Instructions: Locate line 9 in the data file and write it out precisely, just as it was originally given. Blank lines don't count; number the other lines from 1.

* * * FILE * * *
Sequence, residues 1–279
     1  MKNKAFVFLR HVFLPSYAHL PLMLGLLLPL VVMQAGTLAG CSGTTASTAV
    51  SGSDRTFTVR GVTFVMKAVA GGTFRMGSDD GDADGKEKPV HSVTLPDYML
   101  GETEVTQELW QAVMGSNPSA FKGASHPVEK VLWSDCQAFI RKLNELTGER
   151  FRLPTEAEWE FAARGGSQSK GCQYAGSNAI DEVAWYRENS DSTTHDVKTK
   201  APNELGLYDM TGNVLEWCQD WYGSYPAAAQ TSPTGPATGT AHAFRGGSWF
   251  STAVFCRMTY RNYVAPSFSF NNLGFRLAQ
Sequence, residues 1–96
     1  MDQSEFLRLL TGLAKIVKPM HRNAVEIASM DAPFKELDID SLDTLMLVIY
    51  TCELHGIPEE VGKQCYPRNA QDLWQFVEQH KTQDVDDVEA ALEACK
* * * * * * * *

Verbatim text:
     1  MDQSEFLRLL TGLAKIVKPM HRNAVEIASM DAPFKELDID SLDTLMLVIY